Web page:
When can a party terminate for late performance?

6 July, 2010

In the recent case of Dominion Corporate Trustees Ltd and others v Debenhams Properties Ltd [2010] EWHC 1193, the High Court considered whether time was of the essence for an obligation to make a payment under a lease agreement. Despite being a property case, the decision is of interest from a commercial perspective because it illustrates the factors that will be taken into account when a court is deciding whether the time for the performance of a contractual obligation is of the essence.


It is a common misconception that the use of the words “time is of the essence” in a contract merely indicates that the time for performance of the relevant obligation is important. However, it actually means that even a very minor delay could entitle the other party to terminate the contract and claim damages.


Where the parties have not expressly stated that time is of the essence of the contract, the question arises as to when it may be implied, either by the terms of the contract or by the actions of the parties.


In this case Dominion owned a shopping centre and had a contract with Debenhams under which Dominion was required pay Debenhams certain sums of money. Dominion was late in paying the second instalment and Debenhams served a notice to terminate the contract claiming that time for payment was of the essence. Dominion disagreed and sued for breach claiming that Debenhams had wrongfully terminated the contract.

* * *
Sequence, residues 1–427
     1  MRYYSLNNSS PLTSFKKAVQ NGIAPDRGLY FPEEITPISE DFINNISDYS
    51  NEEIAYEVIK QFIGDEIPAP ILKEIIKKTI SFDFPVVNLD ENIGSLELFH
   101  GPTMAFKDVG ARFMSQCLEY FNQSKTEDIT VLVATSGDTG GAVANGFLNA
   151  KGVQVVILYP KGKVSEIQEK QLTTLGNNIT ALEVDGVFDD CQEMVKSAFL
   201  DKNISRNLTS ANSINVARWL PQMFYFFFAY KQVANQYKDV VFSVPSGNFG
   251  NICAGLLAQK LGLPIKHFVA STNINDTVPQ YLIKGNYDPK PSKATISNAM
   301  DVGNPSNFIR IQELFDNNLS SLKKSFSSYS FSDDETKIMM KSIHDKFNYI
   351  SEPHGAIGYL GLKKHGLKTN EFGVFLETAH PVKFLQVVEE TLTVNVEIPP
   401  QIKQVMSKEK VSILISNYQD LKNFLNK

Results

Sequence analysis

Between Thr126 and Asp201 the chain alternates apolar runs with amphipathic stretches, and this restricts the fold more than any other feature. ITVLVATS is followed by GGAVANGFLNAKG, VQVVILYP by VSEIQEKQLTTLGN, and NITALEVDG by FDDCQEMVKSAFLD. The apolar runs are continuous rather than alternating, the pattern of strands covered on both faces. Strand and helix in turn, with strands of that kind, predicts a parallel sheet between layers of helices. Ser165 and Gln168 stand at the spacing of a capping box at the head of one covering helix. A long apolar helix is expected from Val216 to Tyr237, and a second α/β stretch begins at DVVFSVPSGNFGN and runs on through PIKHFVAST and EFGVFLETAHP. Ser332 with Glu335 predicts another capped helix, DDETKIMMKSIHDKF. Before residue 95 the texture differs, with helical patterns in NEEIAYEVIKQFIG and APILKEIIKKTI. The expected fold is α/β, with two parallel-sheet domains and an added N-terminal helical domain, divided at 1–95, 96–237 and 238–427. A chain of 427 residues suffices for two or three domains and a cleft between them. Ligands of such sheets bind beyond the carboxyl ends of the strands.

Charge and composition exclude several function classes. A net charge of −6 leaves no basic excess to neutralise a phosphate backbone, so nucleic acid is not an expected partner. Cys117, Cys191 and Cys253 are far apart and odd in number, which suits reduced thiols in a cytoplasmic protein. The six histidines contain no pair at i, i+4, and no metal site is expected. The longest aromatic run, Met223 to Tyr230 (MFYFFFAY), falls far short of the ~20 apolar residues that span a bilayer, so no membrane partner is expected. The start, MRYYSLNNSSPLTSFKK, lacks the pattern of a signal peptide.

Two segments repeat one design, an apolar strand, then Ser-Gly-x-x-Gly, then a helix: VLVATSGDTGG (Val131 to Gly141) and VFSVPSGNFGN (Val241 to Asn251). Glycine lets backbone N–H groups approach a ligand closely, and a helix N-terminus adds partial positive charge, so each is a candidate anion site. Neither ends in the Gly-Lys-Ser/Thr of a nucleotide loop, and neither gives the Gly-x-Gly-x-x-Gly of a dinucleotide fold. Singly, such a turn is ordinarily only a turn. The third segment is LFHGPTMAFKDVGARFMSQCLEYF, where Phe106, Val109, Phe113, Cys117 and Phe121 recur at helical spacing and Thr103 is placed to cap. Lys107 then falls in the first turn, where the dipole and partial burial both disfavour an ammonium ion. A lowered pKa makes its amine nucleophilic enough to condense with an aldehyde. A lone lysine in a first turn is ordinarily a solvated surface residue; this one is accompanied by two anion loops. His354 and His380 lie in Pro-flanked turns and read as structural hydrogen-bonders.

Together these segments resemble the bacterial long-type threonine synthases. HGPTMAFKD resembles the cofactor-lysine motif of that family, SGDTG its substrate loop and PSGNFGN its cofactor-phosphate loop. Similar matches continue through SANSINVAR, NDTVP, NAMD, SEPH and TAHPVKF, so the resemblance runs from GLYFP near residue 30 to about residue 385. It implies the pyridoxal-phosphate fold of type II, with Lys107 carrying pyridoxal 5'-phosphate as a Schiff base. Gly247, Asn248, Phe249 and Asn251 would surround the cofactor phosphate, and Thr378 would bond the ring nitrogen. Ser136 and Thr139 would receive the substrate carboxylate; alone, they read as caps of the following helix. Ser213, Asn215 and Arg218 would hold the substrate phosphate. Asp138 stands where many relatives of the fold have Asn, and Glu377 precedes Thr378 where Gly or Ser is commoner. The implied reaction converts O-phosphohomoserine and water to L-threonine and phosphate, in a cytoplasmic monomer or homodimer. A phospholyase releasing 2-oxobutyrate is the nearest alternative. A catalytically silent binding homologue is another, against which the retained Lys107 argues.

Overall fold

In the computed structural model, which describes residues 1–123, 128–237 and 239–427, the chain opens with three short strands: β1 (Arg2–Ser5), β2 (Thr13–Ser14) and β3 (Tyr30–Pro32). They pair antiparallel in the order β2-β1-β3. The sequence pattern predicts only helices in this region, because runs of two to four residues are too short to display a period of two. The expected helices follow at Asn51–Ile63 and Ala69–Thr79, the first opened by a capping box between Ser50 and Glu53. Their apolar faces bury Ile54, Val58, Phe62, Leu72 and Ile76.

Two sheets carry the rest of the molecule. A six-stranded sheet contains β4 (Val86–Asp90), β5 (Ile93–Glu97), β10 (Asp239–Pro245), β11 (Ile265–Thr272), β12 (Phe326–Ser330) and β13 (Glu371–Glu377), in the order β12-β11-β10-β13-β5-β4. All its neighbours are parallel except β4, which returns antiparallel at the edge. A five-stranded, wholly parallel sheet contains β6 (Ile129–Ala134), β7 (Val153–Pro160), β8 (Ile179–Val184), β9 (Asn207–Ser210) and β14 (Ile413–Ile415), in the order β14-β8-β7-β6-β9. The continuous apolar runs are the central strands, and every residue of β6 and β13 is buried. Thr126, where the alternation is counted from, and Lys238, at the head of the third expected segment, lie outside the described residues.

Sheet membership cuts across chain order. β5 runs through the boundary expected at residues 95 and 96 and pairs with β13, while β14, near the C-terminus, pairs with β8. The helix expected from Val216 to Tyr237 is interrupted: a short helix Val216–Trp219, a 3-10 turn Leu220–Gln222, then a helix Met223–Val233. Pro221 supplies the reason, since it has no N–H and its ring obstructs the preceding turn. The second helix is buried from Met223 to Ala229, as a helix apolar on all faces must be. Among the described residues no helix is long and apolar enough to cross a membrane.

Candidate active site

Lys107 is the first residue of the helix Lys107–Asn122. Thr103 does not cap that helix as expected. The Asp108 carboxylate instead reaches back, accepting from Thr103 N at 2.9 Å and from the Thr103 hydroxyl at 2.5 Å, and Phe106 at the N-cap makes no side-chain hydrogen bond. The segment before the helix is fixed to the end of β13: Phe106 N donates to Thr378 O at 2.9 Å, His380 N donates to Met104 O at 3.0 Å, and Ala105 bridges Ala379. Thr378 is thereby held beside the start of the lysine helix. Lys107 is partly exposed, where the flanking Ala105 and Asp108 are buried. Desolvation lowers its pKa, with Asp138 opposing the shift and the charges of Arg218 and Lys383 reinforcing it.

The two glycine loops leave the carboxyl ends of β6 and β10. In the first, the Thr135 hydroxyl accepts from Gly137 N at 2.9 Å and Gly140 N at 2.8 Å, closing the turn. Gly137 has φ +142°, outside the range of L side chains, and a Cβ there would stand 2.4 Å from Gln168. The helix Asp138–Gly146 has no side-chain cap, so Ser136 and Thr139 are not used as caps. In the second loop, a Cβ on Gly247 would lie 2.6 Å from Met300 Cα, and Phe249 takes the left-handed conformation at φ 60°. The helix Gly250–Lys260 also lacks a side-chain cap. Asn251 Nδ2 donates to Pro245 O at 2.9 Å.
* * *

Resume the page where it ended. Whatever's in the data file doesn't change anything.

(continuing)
The contract was silent as to whether time for payment was of the essence and the court was required to consider this issue on the specific facts of the case.  The court found in favour of Dominion and held that although Dominion was late in paying, that did not give Debenhams the automatic right to end the contract. In reaching this decision the court noted that the contract contained a clause which provided for interest on late payments which, the court held, was an indication that the parties had already agreed an express remedy for late payment.


This case demonstrates the importance of ensuring that terms are fully agreed in contracts from the outset. The courts will not imply a provision that is not expressly set out in the contract unless there is a clear reason for them to do so.



Reviewed in 2015